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that's right, im playing CIVILIZATION FOUR

DigDog

Lifer
Jun 3, 2011
11,192
900
126
so, after the very disappointing Civ 5 (where it's pointless to capture cities, you will *have* to raze them, thus incurring a near-permanent hate from that leader, so basically a permanent state of war), and the ridiculous Civ 6 one-unit-per-tile-max bullshit, i have gone back aaaaaaall the way to the best Civ - Civilization 4 Beyond The Sword.
You get Civ 4, Civ 4 BtS, Civ 4 .. uh something you dont want to play, and Civ 4 something that really sucks, all bundled in one cheap £11 pack (obv depends on when you buy it, it's at $20 now). Count them, FOUR games of which you will only play one, FOUR !

Basically you got your classic Civ 2 game, with some pretty darn big modifiers; Cities grow much more easily. You can build a shitton of units from any city you like, pretty much. Instead - and, im not saying it's a good thing - the game limits you on your expansion by ... just .. limiting your expansion. Each new city after X cities becomes a big money loser, so, uh, yeah, it's not really as straightofrward as Civ 2, but, if you want you Civ fix, this will do. All that needs doing is that you get past your Civ preconceptions; a city built in the desert won't have enough food, tis city cannot afford this many defenders, roads are an all-powerful solution to every problem, you know, BASIC civ stuff.

So yeah, you can't mess with a classic and expect to not f* it up, but hey, it's Civ 4, it's got better AI, it does its turns faster, and you get all dem pretty colours, n stuff.

I suggest immediately disabling the Mr Spok (yup, Leonard Mthf* Nimoy himself) spoken lines because they are so bad, they can haunt you forever, and then just havin a go atit. it's fairly easy when you realize that you can just spam Praetorians with 8! attack strength and rekk everyone else in the iron age, but the game really shines when you get to huge ass civilizations spanning half of the globe. I'm currently playing a Marathon (very slow, huge extra number of turns) game on a Huge, Earth-based map with the Womans (harr harr, Monthy Python joke), have just gotten off from fighting a war with the silly Chinese, who are bigger and stronger in production, but they take foreeeeeeever to just walk from their side of the map to mine. I made the Egyptian queen my B*** (vassal state) so they both watch my back and guarantee they will not attack me, and i got to Astronomy way before anyone else so i'm just colonizing just about all of north AND south america before my big, WW2, tanks-based steamroll of everyone else.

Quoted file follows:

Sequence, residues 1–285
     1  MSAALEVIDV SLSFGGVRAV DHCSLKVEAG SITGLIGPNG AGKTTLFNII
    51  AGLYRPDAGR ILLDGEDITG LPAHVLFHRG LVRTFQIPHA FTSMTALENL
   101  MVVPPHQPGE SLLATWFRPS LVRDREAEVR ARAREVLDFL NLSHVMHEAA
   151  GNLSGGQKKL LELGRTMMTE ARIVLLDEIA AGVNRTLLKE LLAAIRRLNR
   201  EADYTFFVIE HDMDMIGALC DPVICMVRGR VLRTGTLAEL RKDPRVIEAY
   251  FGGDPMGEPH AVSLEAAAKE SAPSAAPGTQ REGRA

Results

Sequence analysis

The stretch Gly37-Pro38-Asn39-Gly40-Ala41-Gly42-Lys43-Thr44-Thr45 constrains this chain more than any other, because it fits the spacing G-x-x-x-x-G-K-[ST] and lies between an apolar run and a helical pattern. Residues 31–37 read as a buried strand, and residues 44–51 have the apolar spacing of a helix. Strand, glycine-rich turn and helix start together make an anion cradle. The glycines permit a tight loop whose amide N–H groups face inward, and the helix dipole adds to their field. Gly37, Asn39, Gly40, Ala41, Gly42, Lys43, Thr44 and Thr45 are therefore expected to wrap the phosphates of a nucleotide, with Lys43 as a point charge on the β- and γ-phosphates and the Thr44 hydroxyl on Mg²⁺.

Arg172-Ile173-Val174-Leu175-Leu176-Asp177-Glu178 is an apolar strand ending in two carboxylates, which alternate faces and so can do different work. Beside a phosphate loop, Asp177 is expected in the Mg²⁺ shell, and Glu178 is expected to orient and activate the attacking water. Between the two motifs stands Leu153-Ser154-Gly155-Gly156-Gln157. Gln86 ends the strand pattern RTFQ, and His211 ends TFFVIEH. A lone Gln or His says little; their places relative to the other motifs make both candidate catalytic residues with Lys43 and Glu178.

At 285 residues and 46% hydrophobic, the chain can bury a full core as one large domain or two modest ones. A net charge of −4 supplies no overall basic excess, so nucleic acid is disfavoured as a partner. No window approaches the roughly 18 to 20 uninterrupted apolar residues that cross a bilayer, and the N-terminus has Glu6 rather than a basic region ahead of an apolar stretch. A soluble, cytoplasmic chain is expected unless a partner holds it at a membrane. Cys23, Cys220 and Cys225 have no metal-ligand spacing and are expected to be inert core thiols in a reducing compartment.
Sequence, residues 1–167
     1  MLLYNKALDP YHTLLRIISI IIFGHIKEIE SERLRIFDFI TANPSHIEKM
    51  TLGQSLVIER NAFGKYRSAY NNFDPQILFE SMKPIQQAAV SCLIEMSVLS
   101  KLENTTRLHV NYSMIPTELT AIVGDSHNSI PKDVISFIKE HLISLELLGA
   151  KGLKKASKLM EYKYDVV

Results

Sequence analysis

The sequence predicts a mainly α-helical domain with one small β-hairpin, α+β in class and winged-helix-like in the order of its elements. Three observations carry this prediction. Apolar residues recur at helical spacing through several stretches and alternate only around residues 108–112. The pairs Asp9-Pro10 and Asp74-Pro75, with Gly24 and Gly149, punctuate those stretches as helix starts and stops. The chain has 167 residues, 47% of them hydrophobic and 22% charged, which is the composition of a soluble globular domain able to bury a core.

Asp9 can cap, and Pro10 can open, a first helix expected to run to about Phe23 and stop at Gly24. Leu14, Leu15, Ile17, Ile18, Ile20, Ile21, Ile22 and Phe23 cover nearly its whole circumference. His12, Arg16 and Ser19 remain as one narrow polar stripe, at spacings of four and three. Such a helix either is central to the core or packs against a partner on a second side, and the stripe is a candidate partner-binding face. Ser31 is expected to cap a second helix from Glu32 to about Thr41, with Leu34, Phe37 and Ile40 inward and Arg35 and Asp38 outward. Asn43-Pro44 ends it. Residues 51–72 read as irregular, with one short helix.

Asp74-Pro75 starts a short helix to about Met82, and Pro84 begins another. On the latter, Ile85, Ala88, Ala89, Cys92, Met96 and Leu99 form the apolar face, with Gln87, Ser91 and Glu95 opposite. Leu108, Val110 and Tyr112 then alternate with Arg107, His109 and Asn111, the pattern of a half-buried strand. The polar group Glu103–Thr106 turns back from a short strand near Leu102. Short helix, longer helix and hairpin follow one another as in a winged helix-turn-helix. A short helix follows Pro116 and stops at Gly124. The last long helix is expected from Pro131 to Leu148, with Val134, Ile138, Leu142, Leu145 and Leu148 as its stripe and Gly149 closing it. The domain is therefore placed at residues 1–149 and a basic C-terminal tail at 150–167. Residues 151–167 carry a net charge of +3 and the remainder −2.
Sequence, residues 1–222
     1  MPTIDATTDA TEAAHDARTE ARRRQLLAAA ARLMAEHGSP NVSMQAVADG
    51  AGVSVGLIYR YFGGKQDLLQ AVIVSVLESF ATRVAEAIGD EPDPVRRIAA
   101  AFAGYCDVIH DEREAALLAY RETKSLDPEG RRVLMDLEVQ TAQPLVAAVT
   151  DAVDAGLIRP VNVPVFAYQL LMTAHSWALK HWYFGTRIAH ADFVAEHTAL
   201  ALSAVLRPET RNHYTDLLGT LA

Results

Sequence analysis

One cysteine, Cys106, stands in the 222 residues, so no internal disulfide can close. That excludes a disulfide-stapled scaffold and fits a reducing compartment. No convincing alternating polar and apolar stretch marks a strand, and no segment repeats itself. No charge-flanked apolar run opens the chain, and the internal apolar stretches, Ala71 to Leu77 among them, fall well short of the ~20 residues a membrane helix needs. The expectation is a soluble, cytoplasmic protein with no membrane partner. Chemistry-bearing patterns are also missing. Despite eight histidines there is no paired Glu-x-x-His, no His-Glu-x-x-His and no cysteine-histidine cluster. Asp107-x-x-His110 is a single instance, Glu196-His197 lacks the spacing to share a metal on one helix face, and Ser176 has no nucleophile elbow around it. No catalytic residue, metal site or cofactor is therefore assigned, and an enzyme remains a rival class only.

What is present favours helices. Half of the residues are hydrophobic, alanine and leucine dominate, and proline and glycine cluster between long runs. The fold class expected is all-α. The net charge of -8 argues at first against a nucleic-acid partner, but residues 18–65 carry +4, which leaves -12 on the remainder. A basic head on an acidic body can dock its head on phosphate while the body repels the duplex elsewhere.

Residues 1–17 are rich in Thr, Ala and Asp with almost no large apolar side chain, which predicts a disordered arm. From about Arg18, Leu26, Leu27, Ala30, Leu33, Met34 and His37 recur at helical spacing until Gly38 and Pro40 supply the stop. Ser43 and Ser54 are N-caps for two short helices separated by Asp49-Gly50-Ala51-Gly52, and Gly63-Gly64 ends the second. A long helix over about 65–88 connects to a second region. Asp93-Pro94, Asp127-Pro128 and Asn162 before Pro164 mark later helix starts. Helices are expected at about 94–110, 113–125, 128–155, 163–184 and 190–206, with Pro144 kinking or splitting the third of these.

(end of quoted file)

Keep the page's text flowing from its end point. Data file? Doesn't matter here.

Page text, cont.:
(playing Noble difficulty)

TLDR - Civ 4 is pretty good.
 
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pmv

Diamond Member
May 30, 2008
6,647
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Civ 4 was pretty decent. But my physical copy stopped working because of some windows change+DRM rubbish. Actually rebought it from GoG for a pittance. But I disagree about Civ 5, which was also not bad. As I remember it Civ 4 had more possibility for cultural 'warfare', cities don't defect in Civ 5. Also the graphics were more mod-able. Apart from those issues I preferred 5 to 4. Seems to me that the AI doesn't cheat as blatantly in 5 as in earlier versions. Always found the level of AI cheating in earlier versions of civ to be so frustrating I'd 'rage quit' even against AI (which i guess is even more pathetic than rage-quitting in a game with humans).

Also the one-unit-per-tile thing came in with Civ 5 not 6, and I think it was bought in precisely because people complained about the dominance of the 'stack of doom' game play in earlier versions. I didn't mind the one-unit limit, myself. Though it is obviously wildly 'unrealistic'.
 

DigDog

Lifer
Jun 3, 2011
11,192
900
126
so, Cities do not defect in Civ 5, and they do in Civ 4, but it's extremely rare - you need to have a massive level of culture to flip them - once that happens, you might as well have just taken it by force. In Civ 5 you have unhappiness, like in every other Civ, but in Civ 5 it takes *forever* for a city to go back to normal, while in Civ 4 it's a very reasonable handful of turns.
Cultural borders are still a pain in the ass, and yeah, this element of Civ 4 should have been redesigned, because you practically cannot take a large city unless you also take every city next to it. It's not a perfect game, like Civ 2 was, the tanks are too powerful, religion is unbalanced (think about having to build 3 buildings - temple, monastery and specialized building) of everyone of 5 religions, naval warfare still sucks, but hey, this is what you have unless you want to put up with waiting 5 minutes for the Civ 2 AI to finish a single turn.
 

pmv

Diamond Member
May 30, 2008
6,647
2,042
136
As I say, the thing I liked about Civ 5 is I never found myself getting utterly frustrated with the degree of AI cheating going on. With Civ 2, for example, it was too obvious the AI knew exactly where all your units were. If you left a city without much defense, they'd attack it, if you stacked a lot of units in it they'd nuke it. They automatically knew which to do. Likewise battleships would be sought out instantly by cruise missiles as if there was no fog-of-war at all for the AI.

In later versions the AI fiddled the combat-results-table in a way that made a complete nonsense of the stated odds. Also really frustrating as you couldn't make any sensible decisions as you weren't told the correct probabilities.

Civ 5 never gave me that sense of frustration, that inability to plan because you don't know quite how the AI is cheating (the AI got a 'happiness bonus', but that was fairly transparent). Never tried Civ 6 because got sick of gaming by that time, plus the annoying nickel-and-dime dlc-dependent pricing model annoyed me.
 

Craig234

Lifer
May 1, 2006
38,584
344
126